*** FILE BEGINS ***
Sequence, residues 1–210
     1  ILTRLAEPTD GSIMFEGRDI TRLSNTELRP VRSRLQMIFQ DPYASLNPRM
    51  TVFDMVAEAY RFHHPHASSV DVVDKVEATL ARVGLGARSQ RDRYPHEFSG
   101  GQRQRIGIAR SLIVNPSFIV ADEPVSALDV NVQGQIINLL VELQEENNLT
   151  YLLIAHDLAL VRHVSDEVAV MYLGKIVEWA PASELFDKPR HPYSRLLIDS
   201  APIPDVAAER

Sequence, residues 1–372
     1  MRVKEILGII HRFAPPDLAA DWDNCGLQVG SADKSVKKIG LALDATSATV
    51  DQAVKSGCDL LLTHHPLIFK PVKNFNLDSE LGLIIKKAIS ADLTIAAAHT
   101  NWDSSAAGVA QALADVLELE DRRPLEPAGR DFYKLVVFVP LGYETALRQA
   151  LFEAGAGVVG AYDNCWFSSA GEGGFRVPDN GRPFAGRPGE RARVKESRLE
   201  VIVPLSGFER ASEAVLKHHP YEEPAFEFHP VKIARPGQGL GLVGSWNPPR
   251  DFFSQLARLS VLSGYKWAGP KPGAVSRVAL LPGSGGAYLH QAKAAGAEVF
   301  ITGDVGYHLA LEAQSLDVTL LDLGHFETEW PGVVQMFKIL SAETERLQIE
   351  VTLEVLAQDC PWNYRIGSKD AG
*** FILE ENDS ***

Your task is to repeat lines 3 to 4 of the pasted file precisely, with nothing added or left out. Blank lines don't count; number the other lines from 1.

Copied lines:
    51  TVFDMVAEAY RFHHPHASSV DVVDKVEATL ARVGLGARSQ RDRYPHEFSG
   101  GQRQRIGIAR SLIVNPSFIV ADEPVSALDV NVQGQIINLL VELQEENNLT